PAUL HINDEMITH – String Quartet No. 4

German composer Paul Hindemith [1895-1963] wrote seven string quartets. As I mentioned in my review of SQ No. 1 (July 2016), there is a bit of confusion regarding the numbers of his works as a result of a manuscript of an early quartet being discovered in the 1990’s. Some CDs refer to this as Quartet 0 and some as 1. Other, supposedly complete releases, don’t even include it. I believe I am reviewing what is now generally known as his No. 4!

The quartet is in five movements and opens with a solo lamenting violin, soon to be joined by the viola. I would describe the feeling as gently atonal. The cello enters and the intensity rises for a short time, only to briefly revert back to the original mood. Now comes an aggressive, agitated passage followed by a fade and a brief pause, then a violin meanders wistfully with a walking cello line in support. This is a beautiful piece of writing. The viola returns to add to the ambience. This section lasts for a few minutes and is very attractive. Now a sense of foreboding comes over the work; the violins and viola become slightly darker. The faded ending is very precious.

The next movement opens with a loud section. The violin engages with the dynamics of the ensemble before the mood drops back to a lower volume with a slightly agitated feeling. A pause allows for a solo cello passage which leads the music into a forceful rhythm. The violin again engages in a duel with the ensemble, then gradually moves the music back into a peaceful space. As the end approaches there is a short burst of intensity and the ensemble finishes on a strong chord.

The third movement opens with a cello ostinato which varies its harmony as the passage develops. This has a slightly stately feeling, along with a sense of atonality. The ostinato returns briefly before a pause brings the violins together over a walking cello line. This is a fascinating section as the violins develop a conversational rapport. The ostinato is reintroduced, and the writing for the violins is very expressive. Slowly the intensity rises, only to fall again when the cello goes into half-time, leading to much more space. Now it’s just one violin and the cello, leading to a fade out.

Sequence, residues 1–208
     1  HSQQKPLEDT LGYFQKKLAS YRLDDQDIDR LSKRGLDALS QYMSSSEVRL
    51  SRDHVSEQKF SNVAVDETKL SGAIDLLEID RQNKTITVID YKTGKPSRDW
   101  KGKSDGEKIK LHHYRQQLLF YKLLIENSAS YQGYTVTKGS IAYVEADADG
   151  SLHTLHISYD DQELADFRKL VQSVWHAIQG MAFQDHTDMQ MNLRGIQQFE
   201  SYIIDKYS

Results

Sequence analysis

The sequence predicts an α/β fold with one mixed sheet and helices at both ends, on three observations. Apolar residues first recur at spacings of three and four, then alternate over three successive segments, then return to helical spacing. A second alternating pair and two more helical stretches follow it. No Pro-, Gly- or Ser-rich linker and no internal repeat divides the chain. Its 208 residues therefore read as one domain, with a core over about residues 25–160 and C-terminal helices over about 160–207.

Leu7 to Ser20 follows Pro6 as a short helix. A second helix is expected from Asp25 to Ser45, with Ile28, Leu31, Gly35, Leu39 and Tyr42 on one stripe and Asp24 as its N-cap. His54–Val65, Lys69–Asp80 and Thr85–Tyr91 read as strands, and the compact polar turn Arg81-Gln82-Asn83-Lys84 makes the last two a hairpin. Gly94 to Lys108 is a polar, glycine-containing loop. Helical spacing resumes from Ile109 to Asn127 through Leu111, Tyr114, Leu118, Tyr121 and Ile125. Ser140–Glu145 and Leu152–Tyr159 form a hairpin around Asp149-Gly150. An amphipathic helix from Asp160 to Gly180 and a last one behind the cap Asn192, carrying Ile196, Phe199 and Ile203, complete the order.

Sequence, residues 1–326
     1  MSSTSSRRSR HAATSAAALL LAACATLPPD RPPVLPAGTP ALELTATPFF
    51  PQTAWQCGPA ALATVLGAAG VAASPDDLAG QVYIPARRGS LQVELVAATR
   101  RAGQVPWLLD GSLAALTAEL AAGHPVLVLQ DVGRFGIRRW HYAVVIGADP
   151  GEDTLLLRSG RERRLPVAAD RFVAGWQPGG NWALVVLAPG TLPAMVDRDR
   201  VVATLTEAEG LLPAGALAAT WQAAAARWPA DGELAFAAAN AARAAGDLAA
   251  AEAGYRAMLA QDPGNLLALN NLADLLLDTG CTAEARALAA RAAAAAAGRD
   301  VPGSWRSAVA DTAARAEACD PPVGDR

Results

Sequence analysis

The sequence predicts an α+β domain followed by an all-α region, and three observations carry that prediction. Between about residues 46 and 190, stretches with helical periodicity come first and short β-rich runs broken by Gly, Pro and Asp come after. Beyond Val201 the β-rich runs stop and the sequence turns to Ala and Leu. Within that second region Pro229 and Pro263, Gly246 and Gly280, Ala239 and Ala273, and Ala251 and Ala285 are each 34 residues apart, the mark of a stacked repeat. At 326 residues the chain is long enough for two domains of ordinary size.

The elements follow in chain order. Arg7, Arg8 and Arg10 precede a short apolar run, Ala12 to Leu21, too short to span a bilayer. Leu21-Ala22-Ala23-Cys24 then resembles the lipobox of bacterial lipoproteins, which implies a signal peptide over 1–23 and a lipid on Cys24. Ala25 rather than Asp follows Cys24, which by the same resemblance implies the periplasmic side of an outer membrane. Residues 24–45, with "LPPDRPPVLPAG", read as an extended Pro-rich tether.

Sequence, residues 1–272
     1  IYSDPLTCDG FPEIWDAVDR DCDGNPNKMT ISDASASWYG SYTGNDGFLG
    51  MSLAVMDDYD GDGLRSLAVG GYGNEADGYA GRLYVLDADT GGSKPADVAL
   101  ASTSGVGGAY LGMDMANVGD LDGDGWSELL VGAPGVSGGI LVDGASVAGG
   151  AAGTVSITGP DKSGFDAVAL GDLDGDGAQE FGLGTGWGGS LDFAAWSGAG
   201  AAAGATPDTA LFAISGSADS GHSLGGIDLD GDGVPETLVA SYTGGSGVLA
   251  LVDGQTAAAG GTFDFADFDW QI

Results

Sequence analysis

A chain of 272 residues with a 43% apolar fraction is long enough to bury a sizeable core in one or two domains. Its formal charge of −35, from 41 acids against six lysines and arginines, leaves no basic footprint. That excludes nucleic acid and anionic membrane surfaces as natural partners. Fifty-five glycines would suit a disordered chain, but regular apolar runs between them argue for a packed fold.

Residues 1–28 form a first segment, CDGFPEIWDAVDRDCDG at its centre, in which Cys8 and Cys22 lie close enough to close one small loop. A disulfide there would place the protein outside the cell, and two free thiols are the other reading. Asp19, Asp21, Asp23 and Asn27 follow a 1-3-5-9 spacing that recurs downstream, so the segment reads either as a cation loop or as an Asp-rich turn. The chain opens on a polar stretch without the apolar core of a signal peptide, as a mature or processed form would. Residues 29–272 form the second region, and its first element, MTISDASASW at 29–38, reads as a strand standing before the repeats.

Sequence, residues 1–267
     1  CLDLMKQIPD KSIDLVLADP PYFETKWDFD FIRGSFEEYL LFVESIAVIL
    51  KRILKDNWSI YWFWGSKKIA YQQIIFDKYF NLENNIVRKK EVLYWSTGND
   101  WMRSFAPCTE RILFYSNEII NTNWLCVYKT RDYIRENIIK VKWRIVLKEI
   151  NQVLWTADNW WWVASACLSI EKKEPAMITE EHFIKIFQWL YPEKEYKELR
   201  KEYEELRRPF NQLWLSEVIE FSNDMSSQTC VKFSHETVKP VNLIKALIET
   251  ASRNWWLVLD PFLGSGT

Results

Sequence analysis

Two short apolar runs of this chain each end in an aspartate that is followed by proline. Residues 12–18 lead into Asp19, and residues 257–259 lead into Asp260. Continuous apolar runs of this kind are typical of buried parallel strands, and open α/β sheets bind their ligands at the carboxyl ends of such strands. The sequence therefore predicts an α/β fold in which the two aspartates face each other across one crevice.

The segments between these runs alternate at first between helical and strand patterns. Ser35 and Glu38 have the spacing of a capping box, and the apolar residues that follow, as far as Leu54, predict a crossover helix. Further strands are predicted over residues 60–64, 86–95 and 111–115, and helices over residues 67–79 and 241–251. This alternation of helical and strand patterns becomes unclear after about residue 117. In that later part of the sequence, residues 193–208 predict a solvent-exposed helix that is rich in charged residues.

The next, very short movement opens with a strong cello, soon to be joined by the violins. A brief pause leads to the cello conversing with the violins for a few moments and then it’s all over. This is a strange movement. It doesn’t seem to fit the rest of the music.

The final movement is again violin and cello meandering in a slightly atonal passage. Things become very busy and loud. I believe that at the halfway point, we have still only heard violin and cello. Now the viola enters and a frantic mood ensues. Nearing the end, it drops back again to violin and cello. A loud flourish concludes the piece.

Apparently, this is one of Hindemith’s most popular quartets. Although it has many peaceful moments, there are some quite aggressive sections.

No. 4 is paired with the marvellous No. 1 (1990’s) on Naxos so it represents a good introduction to Hindemith. Besides more single CDs, there are also some complete 2-CD sets on Amazon. I think I would lean towards the Danish Quartet on CPO, as it contains the ‘lost’ quartet! The Naxos release is on Spotify and No. 4 can be found on YouTube.

Listenability: A strange mixture of abstract beauty interspersed with agitation.

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